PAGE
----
The study was terminated after a planned interim analysis due to significantly lower mortality in patients on Xigris than in patients on placebo. At 28 days, the overall mortality rates were 25% for the Xigris-treated group and 31% for the placebo-treated group (p=0.005) (see Table 3).
Baseline APACHE II score was correlated with risk of death; among patients receiving placebo, those with the lowest APACHE II scores had a 12% mortality rate, while those in the 2nd, 3rd, and 4th APACHE quartiles had mortality rates of 26%, 36%, and 49%, respectively. The observed mortality difference between Xigris and placebo was limited to the half of patients with higher risk of death, i.e., APACHE II score ≥25, the 3rd and 4th quartile APACHE II scores, where the 28-day mortality rates were 31% for the Xigris-treated group and 44% for the placebo-treated group (p=0.0002) (see Table 3). The efficacy of Xigris has not been established in patients with lower risk of death, e.g., APACHE II score <25.
a Total N=Total number of patients in group.
|Xigris||Placebo||Absolute Mortality Difference (%)||Relative Risk (RR)||95% CI for RR|
|Total Na||Deaths||Total Na||Deaths|
|Overall||850||210 (25%)||840||259 (31%)||-6||0.81||0.70, 0.93|
|APACHE II quartile (score)|
|1st + 2nd (3-24)||436||82 (19%)||437||83 (19%)||0||0.99||0.75, 1.30|
|3rd + 4th (25-53)||414||128 (31%)||403||176 (44%)||-13||0.71||0.59, 0.85|
Of measures used, the APACHE II score was most effective in classifying patients by risk of death within 28 days and by likelihood of benefit from Xigris, but other important indicators of risk or severity also supported an association between likelihood of Xigris benefit and risk of death. For patients with 1, 2, 3, and 4 or more organ dysfunctions, absolute reductions in mortality of 2%, 5%, 8%, and 11% with Xigris were observed (relative risk of 0.92, 0.80, 0.76, and 0.78, respectively).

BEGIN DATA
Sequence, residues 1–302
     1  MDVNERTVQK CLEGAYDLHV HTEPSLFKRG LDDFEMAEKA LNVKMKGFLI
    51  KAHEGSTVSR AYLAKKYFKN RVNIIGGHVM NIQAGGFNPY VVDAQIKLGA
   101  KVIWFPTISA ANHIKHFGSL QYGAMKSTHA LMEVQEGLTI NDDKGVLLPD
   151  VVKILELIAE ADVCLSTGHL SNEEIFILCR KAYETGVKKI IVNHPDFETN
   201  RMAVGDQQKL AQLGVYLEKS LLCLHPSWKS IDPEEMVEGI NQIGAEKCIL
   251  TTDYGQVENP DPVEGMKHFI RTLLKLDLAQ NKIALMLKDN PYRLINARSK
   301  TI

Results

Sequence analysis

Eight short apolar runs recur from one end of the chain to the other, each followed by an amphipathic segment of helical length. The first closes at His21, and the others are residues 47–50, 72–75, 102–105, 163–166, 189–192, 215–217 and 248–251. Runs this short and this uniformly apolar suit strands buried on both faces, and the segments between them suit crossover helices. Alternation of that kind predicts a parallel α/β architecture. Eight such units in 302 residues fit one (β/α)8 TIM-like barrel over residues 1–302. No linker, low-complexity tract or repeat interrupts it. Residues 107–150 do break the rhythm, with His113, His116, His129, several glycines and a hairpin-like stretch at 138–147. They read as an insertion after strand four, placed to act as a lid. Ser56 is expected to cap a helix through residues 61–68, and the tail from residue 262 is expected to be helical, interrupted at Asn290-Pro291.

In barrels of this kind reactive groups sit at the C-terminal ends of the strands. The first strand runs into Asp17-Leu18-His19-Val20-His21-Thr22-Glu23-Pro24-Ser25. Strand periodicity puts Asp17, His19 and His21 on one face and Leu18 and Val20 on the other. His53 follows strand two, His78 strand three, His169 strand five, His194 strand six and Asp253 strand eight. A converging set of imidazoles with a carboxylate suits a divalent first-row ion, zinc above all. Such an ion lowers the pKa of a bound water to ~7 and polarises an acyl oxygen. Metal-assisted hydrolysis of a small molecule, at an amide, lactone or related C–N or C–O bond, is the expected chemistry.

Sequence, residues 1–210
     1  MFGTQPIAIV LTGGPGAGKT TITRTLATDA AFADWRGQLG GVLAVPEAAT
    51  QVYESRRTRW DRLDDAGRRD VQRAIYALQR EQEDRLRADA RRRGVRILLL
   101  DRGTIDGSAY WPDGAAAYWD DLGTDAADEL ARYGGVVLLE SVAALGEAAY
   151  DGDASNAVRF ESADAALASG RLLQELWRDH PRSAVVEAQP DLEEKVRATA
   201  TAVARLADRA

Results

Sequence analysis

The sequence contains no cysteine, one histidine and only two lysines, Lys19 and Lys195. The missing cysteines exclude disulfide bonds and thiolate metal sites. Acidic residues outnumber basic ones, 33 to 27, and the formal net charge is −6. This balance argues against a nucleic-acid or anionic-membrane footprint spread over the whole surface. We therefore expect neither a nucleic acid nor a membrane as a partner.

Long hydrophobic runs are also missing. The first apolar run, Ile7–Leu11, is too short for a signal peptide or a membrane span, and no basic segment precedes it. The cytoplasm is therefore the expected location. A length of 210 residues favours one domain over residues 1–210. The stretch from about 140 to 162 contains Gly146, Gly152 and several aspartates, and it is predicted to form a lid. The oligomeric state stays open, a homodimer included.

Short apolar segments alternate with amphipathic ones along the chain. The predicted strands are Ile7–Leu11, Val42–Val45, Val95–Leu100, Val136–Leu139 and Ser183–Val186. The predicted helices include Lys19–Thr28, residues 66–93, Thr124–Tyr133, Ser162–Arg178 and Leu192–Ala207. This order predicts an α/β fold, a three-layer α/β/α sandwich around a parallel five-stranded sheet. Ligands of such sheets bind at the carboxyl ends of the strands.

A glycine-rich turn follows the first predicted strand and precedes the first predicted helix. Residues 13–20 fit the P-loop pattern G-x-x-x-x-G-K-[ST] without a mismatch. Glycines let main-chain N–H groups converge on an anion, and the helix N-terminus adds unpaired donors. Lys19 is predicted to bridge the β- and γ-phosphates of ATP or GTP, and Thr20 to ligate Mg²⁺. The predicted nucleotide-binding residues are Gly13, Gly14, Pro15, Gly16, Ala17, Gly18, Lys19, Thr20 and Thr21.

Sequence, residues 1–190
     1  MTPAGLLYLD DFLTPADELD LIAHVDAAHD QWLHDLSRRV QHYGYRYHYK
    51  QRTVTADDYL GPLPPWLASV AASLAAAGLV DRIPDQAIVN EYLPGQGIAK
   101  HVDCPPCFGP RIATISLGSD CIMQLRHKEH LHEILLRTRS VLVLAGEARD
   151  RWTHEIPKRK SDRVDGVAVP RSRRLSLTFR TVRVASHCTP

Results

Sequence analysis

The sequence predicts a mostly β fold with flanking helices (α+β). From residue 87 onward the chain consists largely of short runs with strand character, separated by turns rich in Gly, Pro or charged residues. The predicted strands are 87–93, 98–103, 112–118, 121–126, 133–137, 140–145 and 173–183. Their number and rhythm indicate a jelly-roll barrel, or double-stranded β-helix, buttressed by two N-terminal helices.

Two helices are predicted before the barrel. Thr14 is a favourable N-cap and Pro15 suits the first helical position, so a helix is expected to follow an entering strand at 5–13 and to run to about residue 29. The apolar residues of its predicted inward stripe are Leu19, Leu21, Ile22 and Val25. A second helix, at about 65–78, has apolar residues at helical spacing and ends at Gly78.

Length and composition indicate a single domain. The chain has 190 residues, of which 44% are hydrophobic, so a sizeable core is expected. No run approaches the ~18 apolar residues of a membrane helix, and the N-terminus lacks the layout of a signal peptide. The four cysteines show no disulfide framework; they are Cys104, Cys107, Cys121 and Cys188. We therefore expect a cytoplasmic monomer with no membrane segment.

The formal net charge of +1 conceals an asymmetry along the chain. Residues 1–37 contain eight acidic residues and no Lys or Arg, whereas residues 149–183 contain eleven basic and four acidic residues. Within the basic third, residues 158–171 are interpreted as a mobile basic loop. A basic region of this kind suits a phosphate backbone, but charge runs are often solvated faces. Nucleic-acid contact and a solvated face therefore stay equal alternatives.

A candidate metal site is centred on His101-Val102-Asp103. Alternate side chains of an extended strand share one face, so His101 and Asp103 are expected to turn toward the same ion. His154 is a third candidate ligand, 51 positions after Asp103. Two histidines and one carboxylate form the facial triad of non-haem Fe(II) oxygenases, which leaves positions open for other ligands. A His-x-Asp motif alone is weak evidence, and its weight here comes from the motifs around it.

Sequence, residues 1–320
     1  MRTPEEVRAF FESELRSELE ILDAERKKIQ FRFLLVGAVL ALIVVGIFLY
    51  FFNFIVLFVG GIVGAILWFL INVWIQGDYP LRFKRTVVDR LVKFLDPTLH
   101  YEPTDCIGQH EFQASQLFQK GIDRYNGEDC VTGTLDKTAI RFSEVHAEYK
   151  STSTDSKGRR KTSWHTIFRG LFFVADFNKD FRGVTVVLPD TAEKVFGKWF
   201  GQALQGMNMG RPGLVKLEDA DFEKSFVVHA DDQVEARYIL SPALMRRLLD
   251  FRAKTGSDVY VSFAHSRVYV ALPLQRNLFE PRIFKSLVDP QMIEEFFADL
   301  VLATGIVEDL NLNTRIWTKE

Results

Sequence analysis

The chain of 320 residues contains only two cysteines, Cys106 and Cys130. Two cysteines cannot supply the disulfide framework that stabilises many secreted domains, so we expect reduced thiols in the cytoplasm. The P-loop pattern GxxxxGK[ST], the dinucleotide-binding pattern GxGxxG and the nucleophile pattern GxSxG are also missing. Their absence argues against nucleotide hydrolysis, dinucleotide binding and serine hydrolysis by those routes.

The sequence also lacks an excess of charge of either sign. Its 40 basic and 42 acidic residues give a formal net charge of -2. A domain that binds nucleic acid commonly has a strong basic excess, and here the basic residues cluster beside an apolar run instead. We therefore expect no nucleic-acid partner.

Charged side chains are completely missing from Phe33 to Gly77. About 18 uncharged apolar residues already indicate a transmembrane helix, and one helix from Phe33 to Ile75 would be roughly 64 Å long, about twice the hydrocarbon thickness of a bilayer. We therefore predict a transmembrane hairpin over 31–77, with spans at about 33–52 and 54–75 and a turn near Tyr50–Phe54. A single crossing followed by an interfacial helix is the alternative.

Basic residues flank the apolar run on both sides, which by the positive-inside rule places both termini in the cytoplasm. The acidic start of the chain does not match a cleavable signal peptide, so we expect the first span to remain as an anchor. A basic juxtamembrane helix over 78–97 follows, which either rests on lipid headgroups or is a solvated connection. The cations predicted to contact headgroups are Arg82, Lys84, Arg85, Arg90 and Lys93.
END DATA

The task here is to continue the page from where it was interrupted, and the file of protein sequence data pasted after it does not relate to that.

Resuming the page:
Similarly, each of the three major components of the APACHE II score (acute physiology score, chronic health score, age score) identified a higher risk population with larger mortality differences associated with treatment. That is, the reduction in mortality was greater in patients with more severe physiologic disturbances, in patients with serious underlying disease predating sepsis, and in older patients.
Treatment-associated reductions in mortality were observed in patients with normal protein C levels and those with low protein C levels. No substantial differences in Xigris treatment effects were observed in subgroups defined by gender, ethnic origin, or infectious agent.
Long-Term Follow-up of Patients in Study 1
The one-year survival status was provided for 93% of the 1690 Study 1 subjects. For patients with APACHE II score ≥25, mortality was lower for the Xigris group compared with the placebo group through 90 days (41% versus 52%; RR: 0.72, 95% CI: 0.59-0.88) and through 1 year (48% versus 59%; RR: 0.73, 95% CI: 0.60-0.88).
However, for patients with APACHE II score <25, mortality was higher for the Xigris group compared with the placebo group through 90 days (27% versus 25%; RR: 1.09, 95% CI: 0.84-1.42) and through 1 year (35% versus 28%; RR: 1.24, 95% CI: 0.97-1.58).
Study 2: Benefit Not Demonstrated in Treatment of Adult Severe Sepsis Patients Not at High Risk of Death
A randomized, double-blind, placebo-controlled trial (“ADDRESS”) of Xigris (96-hour infusion of Xigris at 24 mcg/kg/hr) was performed in adult patients with severe sepsis who were not at high risk of death. Most patients had APACHE II score <25 or only one sepsis-induced organ failure. The study was stopped at an interim analysis after enrollment of 2640 patients due to no observed benefit. All-cause mortality at 28 days after randomization was 18% (243/1333) in patients randomized to Xigris and 17% (221/1307) in patients randomized to placebo (RR: 1.08, 95% CI: 0.91-1.27).
The results of Studies 1 and 2 do not provide evidence of benefit of Xigris in patients with severe sepsis who are not at high risk of death (e.g., patients with single-organ dysfunction or APACHE II score <25). Xigris is not indicated for such patients.
Study 3: Benefit Not Demonstrated in Treatment of Pediatric Severe Sepsis Patients
A randomized, double-blind, placebo-controlled trial (“RESOLVE”) of Xigris (96-hour infusion at 24 mcg/kg/hr) was conducted in 477 pediatric patients with severe sepsis (age limits ≥38 weeks corrected gestational age to <18 years). Patients were required to have both sepsis-induced cardiovascular and respiratory organ dysfunction (defined as treatment with vasoactive agents despite adequate fluid resuscitation and invasive mechanical ventilation).